: According to Tim Crane, his version of psychologism is not based on the familiar opposition between conceptual analysis and empirical science. His point is not simply to consider phenomenological and empirical data in the science of the mind. Challenging the idea that investigation of the mind has to be understood “as an autonomous investigation solely into the concepts embodied in our psychological discourse”, Crane tries to argue for a more realistic picture of the mental. His rejection of “autonomous investigation”, (...) however, is based in the end on its impermeability to empirical evidence and on the consequent reduction of philosophy of mind to conceptual analysis of ordinary intentional vocabulary. This seems clear as far as conceptual analysis goes, but perhaps has some undesired consequences in terms of commonsense vocabulary. In fact, with respect to folk psychological discourse about the mind, all that Crane is saying is that — besides conceptual analysis — we have to take into consideration empirical evidence in order to reconsider commonsense discourse on the mind. This is not so different from the familiar contrast between conceptual analysis and empirical science. Keywords : Psychologism; -psycholosigm; Conceptual Analysis; CommonSense Knowledge; Folk-psychology La psicologizzazzione dello psicologico e il ritorno al senso comune Riassunto : Secondo Tim Crane, la sua idea di psicologismo non poggia sulla nota opposizione tra analisi concettuale e scienza empirica. Non si tratta semplicemente di tenere in considerazione i dati empirici e fenomenici all’interno della scienza della mente. Diversamente da quanti ritengono che l’indagine sulla mente debba essere intesa “come un’indagine autonoma che verte solo sui concetti incorporati nel nostro discorso psicologico”, Crane vorrebbe sostenere un’immagine più realistica del mentale. Il rifiuto del metodo della “indagine autonoma”, poggia in definitiva sull’impermeabilità all’evidenza empirica e sulla conseguente riduzione della filosofia della mente ad analisi concettuale del lessico intenzionale ordinario. Quanto pare chiaro circa l’analisi concettuale, ha forse tuttavia qualche conseguenza indesiderata sul lessico del senso comune. In effetti, se prendiamo in considerazione il discorso della psicologia del senso comune sulla mente, quanto Crane afferma è che – oltre l’analisi concettuale – dovremmo tener conto anche dell’evidenza empirica. Questo, tuttavia, non sembra tanto lontano dalla solita contrapposizione tra analisi concettuale e scienza empirica. Parole chiave : Psicologismo; -psicologismo; Analisi concettuale; Conoscenza di senso comune; Psicologia del senso comune. (shrink)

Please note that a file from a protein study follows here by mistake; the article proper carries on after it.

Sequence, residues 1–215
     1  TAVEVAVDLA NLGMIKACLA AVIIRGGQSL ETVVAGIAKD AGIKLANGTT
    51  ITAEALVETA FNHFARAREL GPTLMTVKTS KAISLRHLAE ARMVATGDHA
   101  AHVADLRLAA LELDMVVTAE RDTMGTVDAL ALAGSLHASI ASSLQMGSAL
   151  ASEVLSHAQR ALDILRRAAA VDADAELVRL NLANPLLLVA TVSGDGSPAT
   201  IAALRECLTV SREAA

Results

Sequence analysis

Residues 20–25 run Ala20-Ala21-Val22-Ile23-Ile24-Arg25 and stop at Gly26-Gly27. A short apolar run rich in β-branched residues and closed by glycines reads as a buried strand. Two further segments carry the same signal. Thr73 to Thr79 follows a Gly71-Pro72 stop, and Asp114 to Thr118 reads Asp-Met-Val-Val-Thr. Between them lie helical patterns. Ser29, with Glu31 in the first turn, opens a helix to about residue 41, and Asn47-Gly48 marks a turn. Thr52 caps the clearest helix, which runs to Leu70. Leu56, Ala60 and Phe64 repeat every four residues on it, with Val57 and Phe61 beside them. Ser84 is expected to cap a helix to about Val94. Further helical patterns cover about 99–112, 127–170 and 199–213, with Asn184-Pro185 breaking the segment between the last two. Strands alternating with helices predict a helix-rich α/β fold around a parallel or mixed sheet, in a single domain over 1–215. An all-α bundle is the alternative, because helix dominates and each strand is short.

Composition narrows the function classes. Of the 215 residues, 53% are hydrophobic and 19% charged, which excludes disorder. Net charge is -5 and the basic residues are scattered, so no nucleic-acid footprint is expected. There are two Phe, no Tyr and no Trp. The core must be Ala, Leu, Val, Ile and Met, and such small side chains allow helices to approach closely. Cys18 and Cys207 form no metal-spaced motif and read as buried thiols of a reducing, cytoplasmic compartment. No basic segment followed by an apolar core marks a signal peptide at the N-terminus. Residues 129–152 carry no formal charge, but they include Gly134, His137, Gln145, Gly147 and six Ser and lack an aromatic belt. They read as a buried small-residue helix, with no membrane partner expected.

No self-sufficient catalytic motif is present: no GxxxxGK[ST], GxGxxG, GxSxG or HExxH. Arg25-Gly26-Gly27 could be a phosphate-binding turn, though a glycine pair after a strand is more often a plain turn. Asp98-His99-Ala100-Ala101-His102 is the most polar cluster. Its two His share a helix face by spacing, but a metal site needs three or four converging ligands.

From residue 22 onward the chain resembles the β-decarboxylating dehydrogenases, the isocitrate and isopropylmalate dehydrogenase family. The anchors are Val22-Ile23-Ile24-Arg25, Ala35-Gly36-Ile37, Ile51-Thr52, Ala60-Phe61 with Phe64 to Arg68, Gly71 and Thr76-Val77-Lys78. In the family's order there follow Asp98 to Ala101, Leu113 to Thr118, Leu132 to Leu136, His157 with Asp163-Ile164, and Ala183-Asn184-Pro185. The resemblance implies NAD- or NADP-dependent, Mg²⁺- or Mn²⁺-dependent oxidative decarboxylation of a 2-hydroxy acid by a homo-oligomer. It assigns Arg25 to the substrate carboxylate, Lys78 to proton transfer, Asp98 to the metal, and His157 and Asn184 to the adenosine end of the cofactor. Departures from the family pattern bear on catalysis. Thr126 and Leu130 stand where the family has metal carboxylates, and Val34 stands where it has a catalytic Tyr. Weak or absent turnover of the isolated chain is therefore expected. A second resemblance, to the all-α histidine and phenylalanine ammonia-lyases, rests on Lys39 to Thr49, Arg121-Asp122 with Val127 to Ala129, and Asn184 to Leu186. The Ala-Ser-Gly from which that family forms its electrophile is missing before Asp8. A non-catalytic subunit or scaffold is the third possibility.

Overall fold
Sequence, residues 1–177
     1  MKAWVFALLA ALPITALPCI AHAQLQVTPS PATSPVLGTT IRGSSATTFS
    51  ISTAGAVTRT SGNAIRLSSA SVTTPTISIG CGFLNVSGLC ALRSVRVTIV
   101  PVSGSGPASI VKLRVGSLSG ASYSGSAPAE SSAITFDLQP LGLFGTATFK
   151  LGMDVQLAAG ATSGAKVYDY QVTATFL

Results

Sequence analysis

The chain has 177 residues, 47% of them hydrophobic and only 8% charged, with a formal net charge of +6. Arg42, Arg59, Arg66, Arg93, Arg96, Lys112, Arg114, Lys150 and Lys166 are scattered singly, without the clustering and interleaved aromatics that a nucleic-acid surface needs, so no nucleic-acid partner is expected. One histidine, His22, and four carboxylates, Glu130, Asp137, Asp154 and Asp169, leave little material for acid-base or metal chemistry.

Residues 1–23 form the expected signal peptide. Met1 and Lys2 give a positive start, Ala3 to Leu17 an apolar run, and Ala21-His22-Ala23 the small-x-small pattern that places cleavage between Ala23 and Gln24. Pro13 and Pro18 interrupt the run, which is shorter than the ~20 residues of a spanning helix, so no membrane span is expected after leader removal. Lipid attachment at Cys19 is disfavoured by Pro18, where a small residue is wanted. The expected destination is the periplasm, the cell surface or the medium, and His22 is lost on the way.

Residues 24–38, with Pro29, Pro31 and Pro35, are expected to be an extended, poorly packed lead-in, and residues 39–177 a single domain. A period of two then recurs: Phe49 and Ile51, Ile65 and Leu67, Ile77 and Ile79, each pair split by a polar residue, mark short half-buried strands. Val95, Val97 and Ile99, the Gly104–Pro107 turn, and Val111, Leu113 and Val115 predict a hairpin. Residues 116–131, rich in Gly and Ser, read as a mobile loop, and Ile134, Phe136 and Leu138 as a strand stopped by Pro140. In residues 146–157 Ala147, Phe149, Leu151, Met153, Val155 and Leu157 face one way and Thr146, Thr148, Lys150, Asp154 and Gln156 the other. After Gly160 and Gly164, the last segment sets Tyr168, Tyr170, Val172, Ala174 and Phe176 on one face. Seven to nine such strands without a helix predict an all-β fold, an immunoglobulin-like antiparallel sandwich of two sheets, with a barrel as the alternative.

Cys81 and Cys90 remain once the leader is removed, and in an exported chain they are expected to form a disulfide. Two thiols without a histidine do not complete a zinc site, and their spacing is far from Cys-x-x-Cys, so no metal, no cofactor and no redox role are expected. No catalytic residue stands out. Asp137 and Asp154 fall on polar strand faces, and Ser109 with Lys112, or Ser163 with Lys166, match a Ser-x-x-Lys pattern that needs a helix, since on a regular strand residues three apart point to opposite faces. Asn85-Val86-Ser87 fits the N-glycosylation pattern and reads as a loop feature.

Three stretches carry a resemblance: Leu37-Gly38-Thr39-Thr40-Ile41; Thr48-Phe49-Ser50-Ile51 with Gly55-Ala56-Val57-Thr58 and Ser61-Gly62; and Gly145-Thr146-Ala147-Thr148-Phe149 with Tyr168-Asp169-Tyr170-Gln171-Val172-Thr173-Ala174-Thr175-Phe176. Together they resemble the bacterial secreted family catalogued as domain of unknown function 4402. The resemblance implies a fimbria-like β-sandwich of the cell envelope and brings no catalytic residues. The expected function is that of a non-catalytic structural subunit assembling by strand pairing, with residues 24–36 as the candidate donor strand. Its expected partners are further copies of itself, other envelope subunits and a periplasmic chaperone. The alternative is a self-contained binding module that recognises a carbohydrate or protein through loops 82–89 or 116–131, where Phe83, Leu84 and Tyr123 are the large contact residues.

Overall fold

Education happens all the time, in all places, and during all our lives. We all know that. However, the moment we hear the word “education,” our minds wander back to school. Schools and other educational institutions offer formal education and thus formalize the concept, turning it into a quasi-technical term that goes well with “policy,” “criteria,” “evaluation forms,” and all the rest of the modern educational vocabulary. The growing formalization of concepts is in line with a verificationist ideology that thrives (...) in formal education: methods and outcomes need to be tested; we need a scientific language that measures what students learn in a scientific way; science is a priority anyway, for it informs us of what lies beyond our ordinary conception of the world. Among the goals of education after all is to teach us a more accurate way to describe the world, leaving vulgar commonsense behind. Drawing from Wittgenstein's arguments on rule following, I will argue against such temptations to attack commonsense. (shrink)
What is commonsense? -- Back in time -- How does commonsense work -- Understanding commonsense -- More than commonsense -- Commonsense and mistakes -- Animal commonsense -- More than commonsense -- Commonsense nonsense -- Commonsense test.